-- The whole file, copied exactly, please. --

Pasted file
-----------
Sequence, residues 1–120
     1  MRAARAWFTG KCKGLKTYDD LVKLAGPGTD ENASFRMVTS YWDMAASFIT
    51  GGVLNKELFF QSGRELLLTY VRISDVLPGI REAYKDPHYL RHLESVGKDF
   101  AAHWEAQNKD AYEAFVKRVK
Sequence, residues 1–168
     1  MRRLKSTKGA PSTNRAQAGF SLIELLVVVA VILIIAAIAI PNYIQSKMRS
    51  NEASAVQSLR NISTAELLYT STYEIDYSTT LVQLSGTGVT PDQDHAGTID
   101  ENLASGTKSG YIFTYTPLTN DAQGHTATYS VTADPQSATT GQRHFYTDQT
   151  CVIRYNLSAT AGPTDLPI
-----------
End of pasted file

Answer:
Sequence, residues 1–120
     1  MRAARAWFTG KCKGLKTYDD LVKLAGPGTD ENASFRMVTS YWDMAASFIT
    51  GGVLNKELFF QSGRELLLTY VRISDVLPGI REAYKDPHYL RHLESVGKDF
   101  AAHWEAQNKD AYEAFVKRVK
Sequence, residues 1–168
     1  MRRLKSTKGA PSTNRAQAGF SLIELLVVVA VILIIAAIAI PNYIQSKMRS
    51  NEASAVQSLR NISTAELLYT STYEIDYSTT LVQLSGTGVT PDQDHAGTID
   101  ENLASGTKSG YIFTYTPLTN DAQGHTATYS VTADPQSATT GQRHFYTDQT
   151  CVIRYNLSAT AGPTDLPI